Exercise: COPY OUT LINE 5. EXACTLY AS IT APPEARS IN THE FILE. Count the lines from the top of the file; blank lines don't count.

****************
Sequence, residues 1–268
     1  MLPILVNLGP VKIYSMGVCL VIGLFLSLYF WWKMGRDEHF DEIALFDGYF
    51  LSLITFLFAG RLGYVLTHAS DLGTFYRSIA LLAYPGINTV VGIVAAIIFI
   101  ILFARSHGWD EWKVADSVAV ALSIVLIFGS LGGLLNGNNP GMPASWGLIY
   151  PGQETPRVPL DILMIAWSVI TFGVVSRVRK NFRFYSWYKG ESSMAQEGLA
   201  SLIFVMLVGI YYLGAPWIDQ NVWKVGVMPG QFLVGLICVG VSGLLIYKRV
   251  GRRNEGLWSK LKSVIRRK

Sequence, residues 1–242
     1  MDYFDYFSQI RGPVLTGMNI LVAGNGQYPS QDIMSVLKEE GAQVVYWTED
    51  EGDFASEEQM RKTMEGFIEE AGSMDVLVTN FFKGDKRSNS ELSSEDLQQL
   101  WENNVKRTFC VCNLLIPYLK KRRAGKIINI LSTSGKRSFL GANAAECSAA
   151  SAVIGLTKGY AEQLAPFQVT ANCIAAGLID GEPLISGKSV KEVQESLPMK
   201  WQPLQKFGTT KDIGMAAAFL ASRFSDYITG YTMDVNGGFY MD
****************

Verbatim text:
   151  PGQETPRVPL DILMIAWSVI TFGVVSRVRK NFRFYSWYKG ESSMAQEGLA